Better ideas, voice yourselves in the Comments section below.

27 Comments

  1. seriously, Dan? BSFC and it’s full name is a stickler?
    yawn.

    a sour end to an otherwise decent article.

    • No, not really seriously. 😉

      But if I put smileys in the post, Ed would not only edit them out, but he would hit me with a set of drumsticks that he keeps for times like this. I went looking for a good Highlander link to embed in the “There can only be one” line, but I ran out of time before I could find one. When you rush a column, sometimes the end product … you know … kinda sucks? (I’m confident, however, that a link to a scene with Ramirez would have fixed everything.)

  2. James Lockerbie says:

    everyone one is allowed a foul ball once in a while, oh wait wrong sport. how about we wait and see how they play although the stadium nickname could be the steel cage

  3. B-steel would be my vote.

    Regarding Madison, I’ve only seen him play a few times, but I really can’t tell how good he is. For a forward, he certainly doesn’t score a lot (roughly 18 goals in 72 matches). Even this year, he scored six in 13 matches, but two of those were PK’s.

    I’m happy to hear more about him from people who have watched him more and are much more familiar with him.

  4. Is it possible Madison is trying for a Generation Adidas contract? I’m pretty sure they tend to pay more than homegrown contracts.

    • i don’t think seniors can get generation adidas contracts

    • Do the Union get any compensation for Madison turning them down? I thought if you developed the player, you had his MLS rights? Otherwise, what’s the incentive to have an academy if another club can come in and reap the benefits of your academy at no charge?

  5. Mike Macheski says:

    BFC is a quicker and easier way to shorten it IMHO. We’ll all know the “steel” is implied.

  6. While I appreciate the ideas here… my contention is winning cures all ills.
    .
    The team is putting together an academy structure where kids now have a place to play…that actually means something.
    .
    My hopes, based on the new Director’s introduction are that he full well expects the youth to rise…and it better…otherwise this whole thing will be a failure. If your not signing Giovincos and Dos Santos you have to have a youth club filling your roster. Your youth give you leverage.
    .
    (( ES expects this and it best happen — doesn’t mean I expect it right now though….once the USL club settles and the SD settles and things start to roll… I am also however not discounting the fact that the academy coaches better be able to produce the type of player Earnie Stewart wants for Jim Curtin and Brendan Burke. I still have my doubts. I am VERY curious how married to the current infrastructure Mr. Graham is. You got a dutch american sporting director and a decidedly UK worldview of a youth program.))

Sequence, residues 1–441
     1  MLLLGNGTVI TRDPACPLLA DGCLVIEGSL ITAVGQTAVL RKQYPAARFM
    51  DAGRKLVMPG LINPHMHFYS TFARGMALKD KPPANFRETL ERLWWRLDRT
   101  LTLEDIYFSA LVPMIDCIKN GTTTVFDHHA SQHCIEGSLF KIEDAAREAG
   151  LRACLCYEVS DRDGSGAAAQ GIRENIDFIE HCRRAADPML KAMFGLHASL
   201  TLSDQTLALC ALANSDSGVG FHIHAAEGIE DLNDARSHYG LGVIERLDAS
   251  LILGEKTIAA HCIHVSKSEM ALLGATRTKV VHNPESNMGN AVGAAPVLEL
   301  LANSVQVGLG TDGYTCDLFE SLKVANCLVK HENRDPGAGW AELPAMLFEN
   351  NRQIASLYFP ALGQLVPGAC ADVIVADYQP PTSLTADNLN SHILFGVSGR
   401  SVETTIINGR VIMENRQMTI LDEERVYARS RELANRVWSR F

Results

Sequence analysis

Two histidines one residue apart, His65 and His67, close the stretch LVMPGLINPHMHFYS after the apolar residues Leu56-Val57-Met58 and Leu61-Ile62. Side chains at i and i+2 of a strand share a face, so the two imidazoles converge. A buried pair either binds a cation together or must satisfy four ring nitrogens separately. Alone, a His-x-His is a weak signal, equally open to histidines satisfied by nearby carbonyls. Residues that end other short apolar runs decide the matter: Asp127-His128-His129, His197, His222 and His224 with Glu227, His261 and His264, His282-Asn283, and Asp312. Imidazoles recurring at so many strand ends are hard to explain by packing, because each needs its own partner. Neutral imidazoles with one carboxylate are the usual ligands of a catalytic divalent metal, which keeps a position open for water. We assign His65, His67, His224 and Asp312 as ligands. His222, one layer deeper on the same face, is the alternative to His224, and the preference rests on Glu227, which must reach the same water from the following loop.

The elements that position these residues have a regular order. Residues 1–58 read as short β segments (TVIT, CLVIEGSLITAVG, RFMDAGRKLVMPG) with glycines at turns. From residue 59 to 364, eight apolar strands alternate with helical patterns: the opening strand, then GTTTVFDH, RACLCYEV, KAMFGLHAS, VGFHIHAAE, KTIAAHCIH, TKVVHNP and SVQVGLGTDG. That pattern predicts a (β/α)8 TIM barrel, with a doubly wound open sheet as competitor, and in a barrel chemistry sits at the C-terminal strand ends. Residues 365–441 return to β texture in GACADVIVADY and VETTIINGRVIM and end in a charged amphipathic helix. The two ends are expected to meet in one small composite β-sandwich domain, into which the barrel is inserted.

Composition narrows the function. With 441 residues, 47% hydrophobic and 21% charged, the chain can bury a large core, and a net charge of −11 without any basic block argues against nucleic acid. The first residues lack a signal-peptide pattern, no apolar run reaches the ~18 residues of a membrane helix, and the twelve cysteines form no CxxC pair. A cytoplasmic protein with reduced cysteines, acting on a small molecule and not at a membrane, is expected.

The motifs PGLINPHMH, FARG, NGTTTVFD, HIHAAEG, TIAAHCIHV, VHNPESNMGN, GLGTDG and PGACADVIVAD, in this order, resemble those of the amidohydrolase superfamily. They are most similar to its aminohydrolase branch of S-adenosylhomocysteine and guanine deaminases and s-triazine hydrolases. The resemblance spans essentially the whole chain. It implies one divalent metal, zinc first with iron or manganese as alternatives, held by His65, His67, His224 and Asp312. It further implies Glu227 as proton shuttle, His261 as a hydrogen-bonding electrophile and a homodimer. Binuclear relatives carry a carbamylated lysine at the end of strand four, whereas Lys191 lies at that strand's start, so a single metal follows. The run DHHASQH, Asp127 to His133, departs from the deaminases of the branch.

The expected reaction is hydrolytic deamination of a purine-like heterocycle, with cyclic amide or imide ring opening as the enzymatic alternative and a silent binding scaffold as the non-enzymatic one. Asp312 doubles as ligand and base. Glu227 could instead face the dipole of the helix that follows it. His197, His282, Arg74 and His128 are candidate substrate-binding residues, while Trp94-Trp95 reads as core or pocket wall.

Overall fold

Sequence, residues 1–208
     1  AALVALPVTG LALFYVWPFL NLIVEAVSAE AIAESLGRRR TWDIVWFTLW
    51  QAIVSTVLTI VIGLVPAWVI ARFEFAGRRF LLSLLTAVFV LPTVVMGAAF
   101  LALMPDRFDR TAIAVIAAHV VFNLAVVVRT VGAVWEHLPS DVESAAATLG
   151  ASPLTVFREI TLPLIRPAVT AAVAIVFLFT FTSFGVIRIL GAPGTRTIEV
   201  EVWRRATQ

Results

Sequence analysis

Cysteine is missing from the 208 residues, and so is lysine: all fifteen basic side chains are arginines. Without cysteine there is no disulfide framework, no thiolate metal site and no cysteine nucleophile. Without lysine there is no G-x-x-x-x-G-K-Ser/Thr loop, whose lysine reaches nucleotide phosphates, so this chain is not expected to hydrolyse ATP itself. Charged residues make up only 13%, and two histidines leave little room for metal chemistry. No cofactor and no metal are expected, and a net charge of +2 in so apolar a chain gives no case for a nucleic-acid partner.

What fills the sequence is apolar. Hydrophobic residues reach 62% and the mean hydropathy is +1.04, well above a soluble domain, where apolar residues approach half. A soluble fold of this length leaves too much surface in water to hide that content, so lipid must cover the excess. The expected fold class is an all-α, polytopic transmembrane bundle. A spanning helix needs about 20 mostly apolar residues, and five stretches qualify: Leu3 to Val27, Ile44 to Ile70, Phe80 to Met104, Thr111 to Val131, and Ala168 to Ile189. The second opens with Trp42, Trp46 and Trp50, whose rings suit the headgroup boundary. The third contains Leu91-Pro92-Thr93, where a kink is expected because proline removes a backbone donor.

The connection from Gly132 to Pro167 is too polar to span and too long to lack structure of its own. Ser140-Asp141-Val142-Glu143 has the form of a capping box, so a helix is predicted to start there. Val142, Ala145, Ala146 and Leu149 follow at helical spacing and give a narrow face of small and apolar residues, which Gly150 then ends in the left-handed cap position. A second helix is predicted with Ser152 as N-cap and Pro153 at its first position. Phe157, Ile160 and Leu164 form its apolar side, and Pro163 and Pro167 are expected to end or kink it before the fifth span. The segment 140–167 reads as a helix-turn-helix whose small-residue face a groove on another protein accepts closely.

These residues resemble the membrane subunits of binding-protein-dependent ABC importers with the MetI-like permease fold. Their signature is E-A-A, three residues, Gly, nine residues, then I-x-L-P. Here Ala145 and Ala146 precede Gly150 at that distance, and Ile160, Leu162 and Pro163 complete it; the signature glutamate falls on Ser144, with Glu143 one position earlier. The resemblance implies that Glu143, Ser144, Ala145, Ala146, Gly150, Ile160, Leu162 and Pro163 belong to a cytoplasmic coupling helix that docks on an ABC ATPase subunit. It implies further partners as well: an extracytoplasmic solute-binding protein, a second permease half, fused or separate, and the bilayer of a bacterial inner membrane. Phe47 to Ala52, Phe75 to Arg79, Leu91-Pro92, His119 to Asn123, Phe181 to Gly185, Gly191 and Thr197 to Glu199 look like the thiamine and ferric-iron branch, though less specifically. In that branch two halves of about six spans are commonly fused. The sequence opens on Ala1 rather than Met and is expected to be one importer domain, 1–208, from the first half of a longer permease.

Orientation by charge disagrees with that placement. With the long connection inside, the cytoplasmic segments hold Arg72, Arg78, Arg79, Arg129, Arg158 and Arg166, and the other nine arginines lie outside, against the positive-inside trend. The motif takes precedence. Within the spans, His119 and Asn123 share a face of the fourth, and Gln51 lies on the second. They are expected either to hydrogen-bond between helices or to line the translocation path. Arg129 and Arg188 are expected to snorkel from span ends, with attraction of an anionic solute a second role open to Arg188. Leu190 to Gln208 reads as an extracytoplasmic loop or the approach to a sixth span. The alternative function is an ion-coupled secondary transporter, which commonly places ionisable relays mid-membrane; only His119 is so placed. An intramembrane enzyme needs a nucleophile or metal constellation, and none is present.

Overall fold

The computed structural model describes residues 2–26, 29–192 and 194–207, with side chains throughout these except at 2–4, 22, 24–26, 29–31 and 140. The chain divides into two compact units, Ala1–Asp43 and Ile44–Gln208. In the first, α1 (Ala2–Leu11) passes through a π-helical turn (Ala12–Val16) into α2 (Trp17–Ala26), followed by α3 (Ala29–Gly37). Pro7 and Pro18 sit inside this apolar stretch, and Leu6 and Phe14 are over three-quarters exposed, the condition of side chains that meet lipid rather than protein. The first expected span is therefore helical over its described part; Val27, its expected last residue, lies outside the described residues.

.
    This team has been in shambles since the beginning…if I was 18-20 year old why would I want to play here. The team is terrible.
    .
    From our aged fan and ‘goo goo eyed love the club’ perspective and seats along the touch line maybe we can believe in change on the field and with the club and be hopeful that things are going to be fixed… but as a young kid…. this team sucks and it has always sucked… and I’d rather roll the dice I wind up in Seattle or Portland or Orlando or or or or or or or 20 some odd other teams.
    .
    To me this isn’t some fault other than the objecti-fiable, incon-trovertible proof of win.
    .
    This club needs to win.
    .
    Winning cures everything.

    • Can’t disagree with that logic. Young people like teams that win – it isn’t until later in life we become stubbornly loyal to the unsatisfactory.

    • I agree with you, time for Stewart to clean house that old school kick and run win the ball at all cost is history, with tv internet the kids are better educated to the game. WE need some class futball

    • Agree that winning cures many things. I also wonder how much has to do with means. And this is hard to really know when so much of MLS’s financial arrangements are not public.
      .
      What I’m curious about is how an academy player in the Union system sees his future. Aside from winning, he’s going to want to be sure he does as well as he can for himself financially. Base salaries for Hoppenot and McLaughlin were $60,000 last year. That’s a pretty good starting salary for an 18-22-year-old, but a lot of top soccer players come from families in which a lot more salary is the norm. That’s the odd thing about American Soccer. It’s generally a sport for wealthier, suburban kids.
      .
      Maybe I’m way off base, but that dynamic must be at play for these kids — hell, even if your family isn’t well off, you want to make sure you can earn a good paycheck and you’d want to keep your options open.